The US Air Force, Navy and Marine Corps temporarily grounded a majority of their F-35 fleet following the discovery of a fault in an aircraft’s ejection seat in April, with Israel now following suit.
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It was revealed late last week that the US Air Force grounded their fleet of F-35s due to the discovery of a fault in an aircraft’s ejection seat in April, with the US Navy and Marine Corps shortly following suit.
The ejection seat’s manufacturer, Martin-Baker, has discovered a fault within the seat’s explosive cartridges, finding the part incorrectly fitted and missing a fundamental component to the functioning of the explosive – magnesium powder.
It is believed that an operator discovered the flaw after noticing how light the part was.
According to a news report from the Air Force Times, US military representatives originally determined the case to be an isolated fault, but later concluded that the fault, in fact, originated within the production line.
“During a routine maintenance inspection at Hill [Air Force Base, Utah,] in April '22, an anomaly was discovered with one of the seat cartridge actuated devices in the F-35 seat,” spokesperson for Martin-Baker, Steve Roberts, said.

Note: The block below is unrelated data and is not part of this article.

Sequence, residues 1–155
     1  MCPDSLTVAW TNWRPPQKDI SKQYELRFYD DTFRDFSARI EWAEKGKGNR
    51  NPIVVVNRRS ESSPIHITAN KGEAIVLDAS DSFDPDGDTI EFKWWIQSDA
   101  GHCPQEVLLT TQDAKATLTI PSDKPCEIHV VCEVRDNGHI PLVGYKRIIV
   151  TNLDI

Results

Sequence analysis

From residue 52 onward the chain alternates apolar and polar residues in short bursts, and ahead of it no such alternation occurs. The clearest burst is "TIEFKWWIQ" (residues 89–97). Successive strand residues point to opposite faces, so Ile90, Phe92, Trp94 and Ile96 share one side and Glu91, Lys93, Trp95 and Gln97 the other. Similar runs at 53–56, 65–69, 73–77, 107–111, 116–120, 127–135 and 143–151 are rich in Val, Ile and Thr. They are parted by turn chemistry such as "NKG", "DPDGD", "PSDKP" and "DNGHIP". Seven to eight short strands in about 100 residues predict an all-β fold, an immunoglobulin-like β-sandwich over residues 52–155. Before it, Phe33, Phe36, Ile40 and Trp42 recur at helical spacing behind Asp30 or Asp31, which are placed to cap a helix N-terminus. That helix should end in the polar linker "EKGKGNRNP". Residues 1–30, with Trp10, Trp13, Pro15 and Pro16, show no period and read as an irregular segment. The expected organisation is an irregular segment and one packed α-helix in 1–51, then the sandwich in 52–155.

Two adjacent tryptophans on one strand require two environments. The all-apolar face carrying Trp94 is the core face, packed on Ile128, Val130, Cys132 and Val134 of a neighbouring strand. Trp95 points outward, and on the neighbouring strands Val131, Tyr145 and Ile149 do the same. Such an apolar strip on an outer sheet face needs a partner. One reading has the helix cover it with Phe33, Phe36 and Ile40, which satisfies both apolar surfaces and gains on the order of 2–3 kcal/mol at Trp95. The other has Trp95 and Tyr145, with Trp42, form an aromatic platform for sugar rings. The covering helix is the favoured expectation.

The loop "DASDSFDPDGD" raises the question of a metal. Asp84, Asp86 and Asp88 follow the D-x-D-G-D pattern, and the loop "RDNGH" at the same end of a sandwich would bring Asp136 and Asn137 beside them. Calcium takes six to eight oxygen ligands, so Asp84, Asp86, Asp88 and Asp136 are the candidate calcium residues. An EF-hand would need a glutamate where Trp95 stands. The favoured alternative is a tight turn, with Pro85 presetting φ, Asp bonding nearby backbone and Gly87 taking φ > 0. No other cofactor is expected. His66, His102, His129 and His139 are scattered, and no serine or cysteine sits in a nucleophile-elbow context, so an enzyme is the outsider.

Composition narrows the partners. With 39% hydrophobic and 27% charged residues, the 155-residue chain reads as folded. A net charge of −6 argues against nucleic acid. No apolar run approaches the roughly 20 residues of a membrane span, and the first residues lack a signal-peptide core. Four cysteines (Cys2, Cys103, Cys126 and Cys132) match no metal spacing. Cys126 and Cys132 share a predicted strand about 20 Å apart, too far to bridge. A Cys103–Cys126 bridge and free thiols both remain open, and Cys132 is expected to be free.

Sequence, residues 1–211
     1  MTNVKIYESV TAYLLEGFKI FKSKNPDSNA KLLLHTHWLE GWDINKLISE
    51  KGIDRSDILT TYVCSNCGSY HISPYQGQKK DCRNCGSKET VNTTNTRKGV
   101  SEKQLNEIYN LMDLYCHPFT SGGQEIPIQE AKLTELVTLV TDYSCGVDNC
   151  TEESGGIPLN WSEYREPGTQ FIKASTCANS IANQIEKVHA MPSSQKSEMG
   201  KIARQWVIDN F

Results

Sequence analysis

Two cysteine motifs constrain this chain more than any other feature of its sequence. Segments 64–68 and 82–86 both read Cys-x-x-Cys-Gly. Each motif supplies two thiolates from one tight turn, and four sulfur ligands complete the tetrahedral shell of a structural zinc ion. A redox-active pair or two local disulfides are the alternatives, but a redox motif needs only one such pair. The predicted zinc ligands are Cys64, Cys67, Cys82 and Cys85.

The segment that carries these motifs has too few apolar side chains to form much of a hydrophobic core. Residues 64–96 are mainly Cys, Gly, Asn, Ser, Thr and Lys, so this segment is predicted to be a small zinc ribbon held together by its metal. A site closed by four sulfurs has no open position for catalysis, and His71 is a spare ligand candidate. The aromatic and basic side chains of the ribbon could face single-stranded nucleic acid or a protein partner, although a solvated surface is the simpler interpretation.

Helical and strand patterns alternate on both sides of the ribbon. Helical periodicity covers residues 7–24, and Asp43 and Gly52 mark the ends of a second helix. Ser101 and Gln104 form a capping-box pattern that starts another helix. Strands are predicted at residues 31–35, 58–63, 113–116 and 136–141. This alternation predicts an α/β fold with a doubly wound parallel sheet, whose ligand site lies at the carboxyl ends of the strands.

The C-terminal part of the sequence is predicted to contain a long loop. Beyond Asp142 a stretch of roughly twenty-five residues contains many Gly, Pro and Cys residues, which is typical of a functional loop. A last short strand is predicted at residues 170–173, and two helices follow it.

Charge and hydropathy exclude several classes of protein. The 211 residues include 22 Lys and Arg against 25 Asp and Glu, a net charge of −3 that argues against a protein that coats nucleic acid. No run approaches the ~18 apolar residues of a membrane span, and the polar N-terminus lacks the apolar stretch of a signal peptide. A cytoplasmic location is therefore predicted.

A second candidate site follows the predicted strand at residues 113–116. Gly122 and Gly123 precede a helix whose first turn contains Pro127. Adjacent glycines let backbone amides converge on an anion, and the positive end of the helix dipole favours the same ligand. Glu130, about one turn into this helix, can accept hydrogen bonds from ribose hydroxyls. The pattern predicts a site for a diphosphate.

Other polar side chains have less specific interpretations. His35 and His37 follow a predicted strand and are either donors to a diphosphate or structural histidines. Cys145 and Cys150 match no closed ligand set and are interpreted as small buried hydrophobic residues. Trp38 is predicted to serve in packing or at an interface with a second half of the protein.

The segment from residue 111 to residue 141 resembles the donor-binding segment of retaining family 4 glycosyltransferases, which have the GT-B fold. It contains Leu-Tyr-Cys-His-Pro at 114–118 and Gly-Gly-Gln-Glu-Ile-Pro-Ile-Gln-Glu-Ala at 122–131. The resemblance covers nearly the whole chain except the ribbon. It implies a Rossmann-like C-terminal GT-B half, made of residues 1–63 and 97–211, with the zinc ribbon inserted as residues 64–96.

“This was quickly traced back to a gap in the manufacturing process, which was addressed and changed.”
Over the weekend, Breaking Defense had confirmed that the US Navy had completed their inspections of the aircraft, with reports that three faults had been detected throughout 2,700 inspections.
While the US military has begun removing the temporary stand down orders, Israel has grounded their fleet of F-35s in response to the reports.
According to a release from the Israeli Defence Force, it is hoped that the grounding of the fleet would ensure “that the examinations must be done in a strict and thorough manner in order to return the fleet to full competence while maintaining a high safety standard”.
Israel currently operates a fleet of 33 F-35s, with an additional 17 scheduled for delivery.